Canada

Conservatives promise more health-care money, pharmacare program

Conservative Leader Stephen Harper will build on an existing federal-provincial agreement on health care, including extra $3 billion

Conservative Leader Stephen Harper will build on an existing federal-provincial agreement on health care, while adding an extra $2 billion-$3 billion a year to the system.

Harper said he would maintain the five-year, $34.8-billion health-care accord brokered last year by Prime Minister Jean Chrétien and the provinces.

The Conservatives would deliver an additional $2 billion-$3 billion per year over the next five years for general health care. The increase would come through transfer payments to the provinces, as long as the provinces agree the money must be spent on health care.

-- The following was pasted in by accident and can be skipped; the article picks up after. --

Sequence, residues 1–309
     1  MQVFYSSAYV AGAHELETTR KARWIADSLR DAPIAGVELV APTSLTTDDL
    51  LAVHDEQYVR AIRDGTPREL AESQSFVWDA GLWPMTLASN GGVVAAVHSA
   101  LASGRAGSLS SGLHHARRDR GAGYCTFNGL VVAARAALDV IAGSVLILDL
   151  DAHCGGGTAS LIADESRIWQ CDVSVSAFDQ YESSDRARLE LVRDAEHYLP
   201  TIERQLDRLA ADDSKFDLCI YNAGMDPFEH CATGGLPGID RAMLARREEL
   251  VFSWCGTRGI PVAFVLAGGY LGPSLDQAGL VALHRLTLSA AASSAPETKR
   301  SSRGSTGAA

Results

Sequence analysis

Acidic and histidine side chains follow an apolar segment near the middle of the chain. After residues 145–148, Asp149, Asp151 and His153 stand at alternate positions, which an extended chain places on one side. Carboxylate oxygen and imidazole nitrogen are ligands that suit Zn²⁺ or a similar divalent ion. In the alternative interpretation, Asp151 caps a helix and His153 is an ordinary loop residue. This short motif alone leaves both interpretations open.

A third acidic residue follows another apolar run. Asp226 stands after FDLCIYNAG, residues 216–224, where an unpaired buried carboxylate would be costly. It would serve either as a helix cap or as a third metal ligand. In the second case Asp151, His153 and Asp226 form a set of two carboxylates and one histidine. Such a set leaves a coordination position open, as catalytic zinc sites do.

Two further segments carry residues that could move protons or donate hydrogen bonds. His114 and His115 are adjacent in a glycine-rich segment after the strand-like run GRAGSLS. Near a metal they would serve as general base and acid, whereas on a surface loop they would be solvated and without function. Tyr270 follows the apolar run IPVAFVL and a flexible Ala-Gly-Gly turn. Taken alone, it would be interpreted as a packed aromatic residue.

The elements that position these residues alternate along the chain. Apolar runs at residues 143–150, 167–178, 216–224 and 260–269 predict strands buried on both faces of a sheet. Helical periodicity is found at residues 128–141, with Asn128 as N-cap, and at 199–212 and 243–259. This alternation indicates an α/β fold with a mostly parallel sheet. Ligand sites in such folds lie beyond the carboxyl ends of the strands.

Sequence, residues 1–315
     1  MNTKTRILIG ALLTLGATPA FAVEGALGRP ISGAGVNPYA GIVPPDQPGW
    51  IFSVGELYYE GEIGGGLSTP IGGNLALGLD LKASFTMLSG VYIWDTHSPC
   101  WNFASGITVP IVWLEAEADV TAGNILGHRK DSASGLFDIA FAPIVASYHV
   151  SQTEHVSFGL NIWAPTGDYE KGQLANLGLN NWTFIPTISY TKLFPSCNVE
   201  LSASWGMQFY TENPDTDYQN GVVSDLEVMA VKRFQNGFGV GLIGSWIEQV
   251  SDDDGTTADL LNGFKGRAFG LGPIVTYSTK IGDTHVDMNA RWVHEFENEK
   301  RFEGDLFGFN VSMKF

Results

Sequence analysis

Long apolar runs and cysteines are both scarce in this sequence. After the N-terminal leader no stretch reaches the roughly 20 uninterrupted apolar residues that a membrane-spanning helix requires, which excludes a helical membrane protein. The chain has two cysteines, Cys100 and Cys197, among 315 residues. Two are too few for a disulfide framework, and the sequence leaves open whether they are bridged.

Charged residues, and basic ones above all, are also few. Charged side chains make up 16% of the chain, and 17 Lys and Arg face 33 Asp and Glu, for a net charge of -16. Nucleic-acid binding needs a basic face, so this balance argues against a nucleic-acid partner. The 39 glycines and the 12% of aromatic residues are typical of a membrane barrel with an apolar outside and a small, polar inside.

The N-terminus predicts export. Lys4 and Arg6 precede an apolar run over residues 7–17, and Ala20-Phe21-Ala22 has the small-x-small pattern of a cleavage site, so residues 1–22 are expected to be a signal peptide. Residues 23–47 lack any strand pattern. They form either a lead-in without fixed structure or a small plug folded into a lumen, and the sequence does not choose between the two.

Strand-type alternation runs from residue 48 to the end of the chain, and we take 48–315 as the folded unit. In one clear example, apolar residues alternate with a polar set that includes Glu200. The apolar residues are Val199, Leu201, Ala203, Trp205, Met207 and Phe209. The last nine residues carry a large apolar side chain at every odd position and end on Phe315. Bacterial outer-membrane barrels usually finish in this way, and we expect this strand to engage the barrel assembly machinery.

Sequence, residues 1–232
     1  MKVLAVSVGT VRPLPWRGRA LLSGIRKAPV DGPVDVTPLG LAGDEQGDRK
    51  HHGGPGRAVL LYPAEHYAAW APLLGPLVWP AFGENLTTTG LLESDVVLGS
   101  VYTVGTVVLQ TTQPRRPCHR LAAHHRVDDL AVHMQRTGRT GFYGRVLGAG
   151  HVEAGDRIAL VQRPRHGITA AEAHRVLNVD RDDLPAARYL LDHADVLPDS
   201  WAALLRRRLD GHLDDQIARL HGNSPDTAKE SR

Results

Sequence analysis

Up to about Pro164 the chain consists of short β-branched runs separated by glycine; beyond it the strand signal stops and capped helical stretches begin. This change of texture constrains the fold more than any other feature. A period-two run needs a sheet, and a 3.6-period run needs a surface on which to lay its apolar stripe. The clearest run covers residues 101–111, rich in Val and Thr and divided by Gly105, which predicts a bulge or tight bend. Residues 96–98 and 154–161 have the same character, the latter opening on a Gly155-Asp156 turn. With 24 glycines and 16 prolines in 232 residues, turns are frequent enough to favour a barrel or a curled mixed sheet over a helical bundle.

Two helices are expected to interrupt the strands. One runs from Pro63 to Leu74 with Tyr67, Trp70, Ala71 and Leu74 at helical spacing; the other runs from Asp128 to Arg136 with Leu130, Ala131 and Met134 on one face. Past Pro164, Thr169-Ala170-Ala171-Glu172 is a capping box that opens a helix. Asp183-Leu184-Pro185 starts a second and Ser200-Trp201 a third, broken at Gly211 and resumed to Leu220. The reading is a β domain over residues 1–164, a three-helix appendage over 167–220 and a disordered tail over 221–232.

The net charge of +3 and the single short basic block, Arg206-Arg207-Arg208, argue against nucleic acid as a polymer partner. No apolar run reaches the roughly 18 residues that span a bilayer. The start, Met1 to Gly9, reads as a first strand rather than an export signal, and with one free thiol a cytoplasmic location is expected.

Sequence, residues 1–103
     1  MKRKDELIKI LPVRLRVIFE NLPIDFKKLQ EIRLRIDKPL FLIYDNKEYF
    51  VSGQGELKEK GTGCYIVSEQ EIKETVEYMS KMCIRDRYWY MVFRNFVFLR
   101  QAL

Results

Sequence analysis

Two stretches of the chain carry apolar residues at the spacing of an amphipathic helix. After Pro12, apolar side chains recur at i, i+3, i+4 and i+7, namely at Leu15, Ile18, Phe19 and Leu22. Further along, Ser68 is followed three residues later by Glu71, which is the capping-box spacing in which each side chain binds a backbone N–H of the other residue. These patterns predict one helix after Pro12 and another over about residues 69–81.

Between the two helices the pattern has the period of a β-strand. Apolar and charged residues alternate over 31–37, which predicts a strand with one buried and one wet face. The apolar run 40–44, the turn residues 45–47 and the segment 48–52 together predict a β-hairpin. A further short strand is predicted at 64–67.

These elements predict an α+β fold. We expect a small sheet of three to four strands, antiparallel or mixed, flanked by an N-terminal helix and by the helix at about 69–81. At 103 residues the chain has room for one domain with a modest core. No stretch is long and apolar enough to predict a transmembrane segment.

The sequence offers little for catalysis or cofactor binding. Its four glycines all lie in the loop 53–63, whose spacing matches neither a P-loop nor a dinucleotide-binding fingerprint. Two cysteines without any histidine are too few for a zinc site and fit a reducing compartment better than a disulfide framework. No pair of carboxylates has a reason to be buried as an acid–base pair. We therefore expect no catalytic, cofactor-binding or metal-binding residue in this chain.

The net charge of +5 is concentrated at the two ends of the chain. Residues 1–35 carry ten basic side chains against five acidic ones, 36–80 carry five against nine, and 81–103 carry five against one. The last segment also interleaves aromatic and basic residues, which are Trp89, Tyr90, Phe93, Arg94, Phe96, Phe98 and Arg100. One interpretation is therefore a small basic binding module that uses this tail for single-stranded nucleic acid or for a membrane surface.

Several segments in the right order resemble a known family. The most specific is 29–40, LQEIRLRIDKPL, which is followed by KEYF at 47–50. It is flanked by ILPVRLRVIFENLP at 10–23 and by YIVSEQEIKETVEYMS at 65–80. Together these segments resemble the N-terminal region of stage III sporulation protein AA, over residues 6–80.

"We recognize more money has to come in" but the funding has to be negotiated with the provinces, he said.

The Conservatives would spend up to $800,000 per year for the next four years to set up a pharmacare program for people with catastrophic illnesses. Ottawa would pay for a person's drug costs when they topped $5,000 per year.

Drugs covered under the plan will be negotiated with the provinces.

"They may or may not like this model. This is the proposal we will take to them," he said.

Under a Conservative government, the role of private health care would not increase, he said.

"I believe, and the new Conservative party believes, that every Canadian should have timely access to quality health-care services regardless of ability to pay," said Harper.

"I strongly support universal health care."

The full costs will be available Saturday when the party releases its complete platform, said Harper.